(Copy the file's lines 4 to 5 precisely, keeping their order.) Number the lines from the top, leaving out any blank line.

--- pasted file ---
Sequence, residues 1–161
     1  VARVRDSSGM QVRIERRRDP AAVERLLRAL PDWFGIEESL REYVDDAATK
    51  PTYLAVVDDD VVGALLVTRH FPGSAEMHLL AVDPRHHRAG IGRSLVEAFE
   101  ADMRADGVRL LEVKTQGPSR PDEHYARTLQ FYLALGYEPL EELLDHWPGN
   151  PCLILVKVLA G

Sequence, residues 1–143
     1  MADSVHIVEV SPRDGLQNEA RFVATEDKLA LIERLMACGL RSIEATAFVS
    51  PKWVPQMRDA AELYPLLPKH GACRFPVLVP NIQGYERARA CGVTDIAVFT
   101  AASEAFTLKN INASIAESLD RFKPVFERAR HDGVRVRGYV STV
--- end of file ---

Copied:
   101  ADMRADGVRL LEVKTQGPSR PDEHYARTLQ FYLALGYEPL EELLDHWPGN
   151  PCLILVKVLA G